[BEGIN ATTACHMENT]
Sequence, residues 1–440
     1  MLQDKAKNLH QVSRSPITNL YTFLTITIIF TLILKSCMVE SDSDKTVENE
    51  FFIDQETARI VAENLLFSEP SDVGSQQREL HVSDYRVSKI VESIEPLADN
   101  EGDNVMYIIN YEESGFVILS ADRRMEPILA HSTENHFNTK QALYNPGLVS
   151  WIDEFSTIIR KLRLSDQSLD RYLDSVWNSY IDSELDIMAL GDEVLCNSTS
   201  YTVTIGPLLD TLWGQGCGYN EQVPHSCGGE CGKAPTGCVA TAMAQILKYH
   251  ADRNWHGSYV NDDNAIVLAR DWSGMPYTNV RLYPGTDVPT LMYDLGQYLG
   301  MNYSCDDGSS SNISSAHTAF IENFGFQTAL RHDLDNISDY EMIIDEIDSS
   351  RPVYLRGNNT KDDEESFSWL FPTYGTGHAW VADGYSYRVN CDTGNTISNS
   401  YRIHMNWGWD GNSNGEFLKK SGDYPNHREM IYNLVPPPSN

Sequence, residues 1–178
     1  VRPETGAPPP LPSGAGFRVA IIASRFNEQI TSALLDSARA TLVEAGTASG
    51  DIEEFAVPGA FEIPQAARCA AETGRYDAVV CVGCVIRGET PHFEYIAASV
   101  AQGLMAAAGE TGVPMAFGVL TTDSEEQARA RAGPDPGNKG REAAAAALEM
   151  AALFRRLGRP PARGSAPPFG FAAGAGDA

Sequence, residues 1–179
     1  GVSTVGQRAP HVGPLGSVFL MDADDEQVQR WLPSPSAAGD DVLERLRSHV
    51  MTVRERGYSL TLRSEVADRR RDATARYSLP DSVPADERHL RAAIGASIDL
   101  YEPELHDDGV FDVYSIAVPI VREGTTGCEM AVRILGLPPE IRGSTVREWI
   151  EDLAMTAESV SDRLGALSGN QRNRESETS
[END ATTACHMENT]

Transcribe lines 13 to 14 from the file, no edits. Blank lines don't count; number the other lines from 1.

    51  DIEEFAVPGA FEIPQAARCA AETGRYDAVV CVGCVIRGET PHFEYIAASV
   101  AQGLMAAAGE TGVPMAFGVL TTDSEEQARA RAGPDPGNKG REAAAAALEM